What three topics do you think should be on people’s minds – or that will be soon – that aren’t being discussed today?
What are the biggest people analytics trends no one is talking about?
Hi, Stacia. Thanks for your question. You tell me! ; )
From my humble perspective, there are several trends that are getting too little air time. This is largely because most are trying to keep the wheels on the bus that is their organization. As such, they’re either dealing with legacy systems and data or, many of the companies thought to be leading edge are, in fact, doing an ever better job actually utilizing the systems, tools, and data of today. One of my biggest concerns, is that most firms are running to where the ball was and not to where the ball is going; and even if they’re running to the ball they’re probably not taking a good angle, as the ball is actually accelerating (no so subtle shout out to all those now playing in the World Cup). What does this mean in terms of People Analytics?
First, it means many are bogged down trying to make magic out of data that is ill-suited to answer the question leaders want or need to know. Similarly, the use of some data may actually erode trust as opposed to enhance it, despite the best intentions. What must happen? We as PA professionals, along with HR and business leaders, must be more proactive, creative, and assertive. What’s not talked about enough is the People Analytics is a discrete, yet complimentary discipline to system implementations, whether such implementations be an HRMS, ATS, LMS, or any other S that’s out there. People Analytics can happen now; and, in most every organization, is should be happening. And even in organizations where it is being done, it’s likely that more resources are warranted. No longer can we hear, “We’ll get to that once we’re done with the _________ implementation.” This is short sighted and plainly wrong. First, an analytics strategy needs a data strategy, and where’s a fair amount of data going to be generated and housed? Yep, it that _______ system. If analytics is going to be done at any point in the future, the processes and technologies that generate and house the data need to be understood and, where appropriate, crafted intentionally with the end in mind. Is that “end” analytics? Kinda. What’s more important is the experience you want to create for the people within the organization. Data quality/appropriateness should not out-prioritize the employee, candidate, or worker experience.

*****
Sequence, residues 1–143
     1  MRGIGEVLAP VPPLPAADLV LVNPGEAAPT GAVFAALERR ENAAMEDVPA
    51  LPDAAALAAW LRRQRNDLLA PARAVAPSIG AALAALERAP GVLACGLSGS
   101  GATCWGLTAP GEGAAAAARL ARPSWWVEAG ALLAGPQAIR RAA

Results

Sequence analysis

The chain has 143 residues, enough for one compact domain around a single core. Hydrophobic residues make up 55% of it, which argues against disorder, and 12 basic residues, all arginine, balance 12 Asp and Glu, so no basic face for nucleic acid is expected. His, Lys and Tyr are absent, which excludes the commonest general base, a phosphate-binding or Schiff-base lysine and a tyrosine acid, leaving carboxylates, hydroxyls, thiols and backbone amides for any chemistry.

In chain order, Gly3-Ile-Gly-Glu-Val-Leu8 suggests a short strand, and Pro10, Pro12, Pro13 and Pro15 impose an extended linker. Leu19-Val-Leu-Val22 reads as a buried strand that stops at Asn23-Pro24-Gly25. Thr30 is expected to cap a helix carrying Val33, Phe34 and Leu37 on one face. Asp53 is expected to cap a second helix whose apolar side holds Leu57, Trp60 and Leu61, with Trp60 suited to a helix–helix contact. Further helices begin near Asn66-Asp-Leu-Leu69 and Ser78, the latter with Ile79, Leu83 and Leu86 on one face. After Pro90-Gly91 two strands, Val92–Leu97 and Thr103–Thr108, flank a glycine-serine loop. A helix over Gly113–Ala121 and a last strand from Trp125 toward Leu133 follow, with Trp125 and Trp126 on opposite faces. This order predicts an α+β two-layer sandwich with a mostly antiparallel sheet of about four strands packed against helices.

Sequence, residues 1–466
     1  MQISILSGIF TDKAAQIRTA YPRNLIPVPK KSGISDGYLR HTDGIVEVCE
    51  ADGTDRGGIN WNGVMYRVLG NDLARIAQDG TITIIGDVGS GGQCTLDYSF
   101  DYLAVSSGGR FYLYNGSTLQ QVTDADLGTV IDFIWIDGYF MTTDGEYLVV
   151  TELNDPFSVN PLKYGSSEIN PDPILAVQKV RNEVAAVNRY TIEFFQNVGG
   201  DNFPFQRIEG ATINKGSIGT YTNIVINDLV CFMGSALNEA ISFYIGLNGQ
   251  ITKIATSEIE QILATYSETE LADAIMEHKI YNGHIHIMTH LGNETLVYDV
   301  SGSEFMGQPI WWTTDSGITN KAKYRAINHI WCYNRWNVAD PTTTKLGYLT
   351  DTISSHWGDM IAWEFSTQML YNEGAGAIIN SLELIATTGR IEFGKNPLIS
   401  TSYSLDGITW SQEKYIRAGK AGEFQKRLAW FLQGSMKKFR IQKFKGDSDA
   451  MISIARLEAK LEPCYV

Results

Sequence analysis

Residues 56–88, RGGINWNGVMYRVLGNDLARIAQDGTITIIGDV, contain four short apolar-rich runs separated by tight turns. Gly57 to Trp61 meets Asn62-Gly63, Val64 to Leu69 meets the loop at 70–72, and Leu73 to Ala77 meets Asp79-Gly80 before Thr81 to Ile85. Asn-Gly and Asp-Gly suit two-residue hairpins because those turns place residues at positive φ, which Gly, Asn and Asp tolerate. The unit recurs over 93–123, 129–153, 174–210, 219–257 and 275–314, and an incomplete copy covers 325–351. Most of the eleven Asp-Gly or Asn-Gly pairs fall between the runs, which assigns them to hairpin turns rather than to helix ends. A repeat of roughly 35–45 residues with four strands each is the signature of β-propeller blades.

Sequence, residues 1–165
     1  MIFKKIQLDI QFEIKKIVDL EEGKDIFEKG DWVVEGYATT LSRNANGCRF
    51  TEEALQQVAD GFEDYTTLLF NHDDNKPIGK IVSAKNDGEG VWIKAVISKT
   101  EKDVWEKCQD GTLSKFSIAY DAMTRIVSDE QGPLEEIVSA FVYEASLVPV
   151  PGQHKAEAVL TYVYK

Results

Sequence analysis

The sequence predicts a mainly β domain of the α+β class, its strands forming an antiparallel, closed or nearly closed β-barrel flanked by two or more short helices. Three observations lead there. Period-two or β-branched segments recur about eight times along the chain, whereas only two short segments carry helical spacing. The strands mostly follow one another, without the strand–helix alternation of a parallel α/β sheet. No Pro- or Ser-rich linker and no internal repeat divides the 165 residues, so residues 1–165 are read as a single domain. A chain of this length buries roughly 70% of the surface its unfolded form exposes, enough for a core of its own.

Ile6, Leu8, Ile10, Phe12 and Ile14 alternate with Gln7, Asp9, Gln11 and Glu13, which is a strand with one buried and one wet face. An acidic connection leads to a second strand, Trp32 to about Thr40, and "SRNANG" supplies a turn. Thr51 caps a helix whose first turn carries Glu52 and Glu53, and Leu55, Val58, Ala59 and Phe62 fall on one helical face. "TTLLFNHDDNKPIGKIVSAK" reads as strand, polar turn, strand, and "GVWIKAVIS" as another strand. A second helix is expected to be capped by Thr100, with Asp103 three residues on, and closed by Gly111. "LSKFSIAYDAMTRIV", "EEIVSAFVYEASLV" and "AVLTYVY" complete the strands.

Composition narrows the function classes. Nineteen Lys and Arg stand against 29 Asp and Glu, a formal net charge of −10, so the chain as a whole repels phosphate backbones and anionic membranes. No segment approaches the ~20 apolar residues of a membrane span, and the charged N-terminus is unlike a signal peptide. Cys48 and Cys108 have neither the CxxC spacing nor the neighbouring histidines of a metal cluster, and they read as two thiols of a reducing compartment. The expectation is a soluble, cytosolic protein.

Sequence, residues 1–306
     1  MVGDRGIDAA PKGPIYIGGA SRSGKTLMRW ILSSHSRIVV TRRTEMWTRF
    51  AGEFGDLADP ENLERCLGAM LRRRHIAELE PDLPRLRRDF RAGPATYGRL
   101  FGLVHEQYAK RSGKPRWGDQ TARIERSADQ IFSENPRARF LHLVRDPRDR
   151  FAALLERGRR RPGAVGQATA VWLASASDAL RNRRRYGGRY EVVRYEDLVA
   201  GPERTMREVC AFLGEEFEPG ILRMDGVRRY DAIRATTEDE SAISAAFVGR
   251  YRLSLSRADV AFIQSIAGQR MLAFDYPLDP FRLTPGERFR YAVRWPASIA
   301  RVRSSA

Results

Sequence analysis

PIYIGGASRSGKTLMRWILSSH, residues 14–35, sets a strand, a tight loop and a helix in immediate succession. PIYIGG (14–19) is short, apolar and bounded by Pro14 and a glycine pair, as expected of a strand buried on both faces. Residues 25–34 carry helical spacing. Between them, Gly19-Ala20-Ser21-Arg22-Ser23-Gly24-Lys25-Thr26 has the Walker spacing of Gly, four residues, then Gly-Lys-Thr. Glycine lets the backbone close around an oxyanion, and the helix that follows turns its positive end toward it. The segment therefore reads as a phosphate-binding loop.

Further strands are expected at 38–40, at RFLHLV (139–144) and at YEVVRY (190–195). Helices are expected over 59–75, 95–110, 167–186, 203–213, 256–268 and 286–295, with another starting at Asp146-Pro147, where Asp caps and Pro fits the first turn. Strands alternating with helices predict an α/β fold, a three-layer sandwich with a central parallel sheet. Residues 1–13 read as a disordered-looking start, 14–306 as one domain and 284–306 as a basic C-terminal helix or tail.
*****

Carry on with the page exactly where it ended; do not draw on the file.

So what are we not talking about? We’re not talking about the need for new, more appropriate data. I believe we’re about a 2 on a 10 point scale when looking at where will be with data-appropriateness 5 to 10 years from now. This means more creativity is warranted, as will be the need to quickly scan and identify appropriate solutions/apps. By this I mean data and/or insights are becoming products that can be purchased, and the ecosystem of technologies that generate people-related insights is going to continue to expand. Again, the ball is moving fast.
Again, while there are more things not being talked about, the one thing I’m particularly passionate about and interested in is the ownership of personal data. Is data owned by the enterprise that bought and implemented the technology? Is it the technology provider? Is it the individual him/herself? As we move forward over time it’s my belief it’s going to be the latter. Individuals will have greater rights, and tools, by which to turn their personal data access on and off. Ultimately, as the thinking goes, individuals - high value talent, for example, - will share their data with those firms they know, trust, and that provide value back to those the individuals that created it (e.g., employees). No longer will employees just be expected to fill out a talent card and keep it up to date. If something like a talent card needs to be filled out then that individual will want, and increasingly will have the right, to take that information with them. They also have the right for that data to be forgotten (or, as the case may be, disassociated with them). If this notion starts to emerge as a popular reality, then organizations will effectively have to market and sell why they can be trusted with people’s data. This isn’t a bad thing. It’s actually, in my opinion, a good thing. That said, the world isn’t prepared for it. We’re not talking about this much as we’re still looking what’s right in front of us, when we need to also be looking at what’s around the corner. My two cents. Hope you found it helpful, Stacia; and thanks for all that you do! You Rock!